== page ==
This disorder has been proven. Therapists of all theoretical schools have concluded that structured coping exercises are an essential part of effective treatment for this disorder. One of the other characteristics of patients suffering from social anxiety is the lack of social skills necessary to initiate and maintain social communication. Researches have shown that for a more effective treatment of social anxiety disorder, attention should also be paid to teach bold behaviors and teaching them social skills. In almost all areas where the patient's performance is inhibited due to neurotic fear, courage training is a suitable treatment method. Based on the cognitive perspective, anxiety disorders are the result of false, unrealistic and irrational thoughts and beliefs, especially exaggerated irrational beliefs about environmental risks. This view has been proposed by people such as Ellis, Beck, and Amri. In this view, the incident itself does not cause any emotional changes such as fear or anxiety, but rather it is irrational beliefs that cause anxiety or inappropriate cognitive schemas that cause a situation to be interpreted as a source of danger. The philosophy behind cognitive behavioral therapy is that our thoughts and feelings play a key and fundamental role in our behavior. From a cognitive viewpoint, it is believed that mental disorders that occur in certain situations or in connection with certain problems are the source of anxiety. Anxiety is a normal thing in some conditions and times, but if it becomes a feeling of worry or fear, it is considered a disease [8].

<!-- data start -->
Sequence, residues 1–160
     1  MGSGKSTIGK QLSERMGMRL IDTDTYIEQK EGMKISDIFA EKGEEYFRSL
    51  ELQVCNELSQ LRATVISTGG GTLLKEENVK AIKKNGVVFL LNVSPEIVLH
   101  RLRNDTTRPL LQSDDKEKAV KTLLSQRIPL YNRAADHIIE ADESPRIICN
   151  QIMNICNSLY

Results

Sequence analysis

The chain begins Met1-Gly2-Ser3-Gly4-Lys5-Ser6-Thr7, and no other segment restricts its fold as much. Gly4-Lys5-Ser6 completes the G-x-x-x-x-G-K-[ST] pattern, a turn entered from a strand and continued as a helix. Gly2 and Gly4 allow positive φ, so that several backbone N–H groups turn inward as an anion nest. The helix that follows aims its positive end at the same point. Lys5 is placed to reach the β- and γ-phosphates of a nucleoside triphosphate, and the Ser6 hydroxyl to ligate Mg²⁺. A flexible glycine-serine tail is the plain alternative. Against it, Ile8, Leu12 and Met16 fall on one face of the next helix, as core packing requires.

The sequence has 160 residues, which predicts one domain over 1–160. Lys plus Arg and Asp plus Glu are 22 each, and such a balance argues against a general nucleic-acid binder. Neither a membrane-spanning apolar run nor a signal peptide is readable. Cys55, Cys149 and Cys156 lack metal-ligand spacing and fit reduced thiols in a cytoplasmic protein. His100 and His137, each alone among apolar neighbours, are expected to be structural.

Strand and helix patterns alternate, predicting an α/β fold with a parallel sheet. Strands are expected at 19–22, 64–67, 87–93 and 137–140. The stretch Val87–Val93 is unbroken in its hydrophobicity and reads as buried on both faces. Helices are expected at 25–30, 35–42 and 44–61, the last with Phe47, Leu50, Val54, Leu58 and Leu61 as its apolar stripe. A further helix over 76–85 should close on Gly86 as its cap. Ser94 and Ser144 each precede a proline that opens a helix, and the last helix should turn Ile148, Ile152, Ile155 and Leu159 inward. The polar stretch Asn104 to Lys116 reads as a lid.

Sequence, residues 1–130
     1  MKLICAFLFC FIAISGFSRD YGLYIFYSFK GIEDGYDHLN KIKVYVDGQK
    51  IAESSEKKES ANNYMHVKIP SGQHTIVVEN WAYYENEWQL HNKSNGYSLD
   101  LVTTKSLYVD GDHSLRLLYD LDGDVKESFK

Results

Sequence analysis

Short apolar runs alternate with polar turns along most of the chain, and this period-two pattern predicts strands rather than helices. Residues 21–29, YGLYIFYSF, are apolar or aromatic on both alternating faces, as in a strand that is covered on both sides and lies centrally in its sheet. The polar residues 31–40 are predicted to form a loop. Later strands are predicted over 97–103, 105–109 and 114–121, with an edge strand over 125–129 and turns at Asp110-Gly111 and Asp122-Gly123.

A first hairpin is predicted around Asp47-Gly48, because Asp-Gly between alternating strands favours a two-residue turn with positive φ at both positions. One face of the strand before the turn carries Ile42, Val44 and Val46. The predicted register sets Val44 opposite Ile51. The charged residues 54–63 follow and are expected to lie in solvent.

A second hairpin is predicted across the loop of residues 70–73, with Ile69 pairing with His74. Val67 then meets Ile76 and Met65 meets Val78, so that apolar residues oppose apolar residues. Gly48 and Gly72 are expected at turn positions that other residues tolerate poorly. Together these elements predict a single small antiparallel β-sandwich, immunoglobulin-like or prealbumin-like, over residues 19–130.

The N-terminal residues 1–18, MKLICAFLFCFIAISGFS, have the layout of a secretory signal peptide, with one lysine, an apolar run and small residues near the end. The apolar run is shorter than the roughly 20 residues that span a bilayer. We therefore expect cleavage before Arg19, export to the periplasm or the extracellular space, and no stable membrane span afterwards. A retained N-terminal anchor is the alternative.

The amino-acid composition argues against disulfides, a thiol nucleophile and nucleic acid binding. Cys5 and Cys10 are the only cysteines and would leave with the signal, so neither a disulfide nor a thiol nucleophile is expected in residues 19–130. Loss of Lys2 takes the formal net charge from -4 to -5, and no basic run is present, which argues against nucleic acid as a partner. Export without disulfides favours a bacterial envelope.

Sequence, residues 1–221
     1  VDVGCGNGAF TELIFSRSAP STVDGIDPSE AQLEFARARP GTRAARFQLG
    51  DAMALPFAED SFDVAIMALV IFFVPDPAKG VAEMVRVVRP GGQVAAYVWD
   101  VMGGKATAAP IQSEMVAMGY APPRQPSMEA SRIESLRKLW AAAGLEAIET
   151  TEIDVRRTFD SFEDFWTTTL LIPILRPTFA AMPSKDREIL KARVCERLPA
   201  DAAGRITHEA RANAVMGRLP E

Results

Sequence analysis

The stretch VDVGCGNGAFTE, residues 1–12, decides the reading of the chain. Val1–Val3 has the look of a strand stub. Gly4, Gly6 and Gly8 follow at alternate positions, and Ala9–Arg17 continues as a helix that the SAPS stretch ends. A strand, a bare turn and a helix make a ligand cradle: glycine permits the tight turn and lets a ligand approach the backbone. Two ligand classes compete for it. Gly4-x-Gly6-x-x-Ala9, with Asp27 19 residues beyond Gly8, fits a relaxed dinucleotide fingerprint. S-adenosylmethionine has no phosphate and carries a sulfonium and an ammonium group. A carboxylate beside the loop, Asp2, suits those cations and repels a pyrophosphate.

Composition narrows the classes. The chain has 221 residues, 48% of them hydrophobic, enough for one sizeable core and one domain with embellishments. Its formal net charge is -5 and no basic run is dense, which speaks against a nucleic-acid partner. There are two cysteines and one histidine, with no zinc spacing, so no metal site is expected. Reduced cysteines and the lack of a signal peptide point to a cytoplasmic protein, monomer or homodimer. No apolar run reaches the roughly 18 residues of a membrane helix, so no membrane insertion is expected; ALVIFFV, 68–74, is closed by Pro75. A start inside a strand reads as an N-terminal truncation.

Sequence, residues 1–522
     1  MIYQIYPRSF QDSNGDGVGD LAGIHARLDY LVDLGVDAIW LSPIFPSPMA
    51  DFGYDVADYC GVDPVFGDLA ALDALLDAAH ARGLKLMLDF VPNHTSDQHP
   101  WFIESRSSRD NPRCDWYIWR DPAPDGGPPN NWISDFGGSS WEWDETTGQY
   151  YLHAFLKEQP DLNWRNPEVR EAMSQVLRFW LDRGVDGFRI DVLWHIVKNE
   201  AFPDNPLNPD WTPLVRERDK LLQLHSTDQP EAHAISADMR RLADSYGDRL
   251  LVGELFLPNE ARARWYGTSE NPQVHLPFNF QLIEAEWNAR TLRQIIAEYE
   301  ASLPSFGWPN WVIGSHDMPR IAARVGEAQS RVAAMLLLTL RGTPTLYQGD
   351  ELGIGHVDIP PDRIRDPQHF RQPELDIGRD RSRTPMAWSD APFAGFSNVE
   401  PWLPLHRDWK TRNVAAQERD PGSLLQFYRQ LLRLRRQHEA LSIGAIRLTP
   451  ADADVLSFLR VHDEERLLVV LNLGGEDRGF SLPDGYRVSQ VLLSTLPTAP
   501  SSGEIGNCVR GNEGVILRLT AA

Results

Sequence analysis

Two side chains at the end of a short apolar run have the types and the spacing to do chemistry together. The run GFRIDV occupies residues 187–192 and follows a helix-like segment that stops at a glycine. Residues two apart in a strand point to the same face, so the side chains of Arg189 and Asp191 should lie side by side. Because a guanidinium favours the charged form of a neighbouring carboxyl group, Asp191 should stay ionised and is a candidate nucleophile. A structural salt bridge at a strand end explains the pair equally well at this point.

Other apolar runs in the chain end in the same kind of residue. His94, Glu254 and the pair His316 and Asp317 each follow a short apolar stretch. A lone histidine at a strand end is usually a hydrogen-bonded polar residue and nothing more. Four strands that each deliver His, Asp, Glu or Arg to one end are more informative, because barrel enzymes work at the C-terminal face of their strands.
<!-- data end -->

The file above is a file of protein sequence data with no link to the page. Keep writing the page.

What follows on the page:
In this regard, the psychoanalytical approach has based its theories on motivational and emotional activity. The bio-neurological approach examines the performance quality of the above psychological components in relation to their neurophysiological correlates. Cognitive models emphasize the assumption that patients with anxiety disorders interpret social situations as more threatening than other groups. Research results showed that patients suffering from social phobia report more negative expressions and negative evaluations of these patients are distorted at least to some extent. According to the cognitive perspective, anxiety disorders are the result of false, irrational, and unrealistic thoughts and beliefs, especially exaggerated irrational beliefs about environmental risks. From psychological perspective, an effort is made to search for the cause of anxiety disorders, including phobias, through the ways in which a person pays attention to the available information, interprets, and applies it.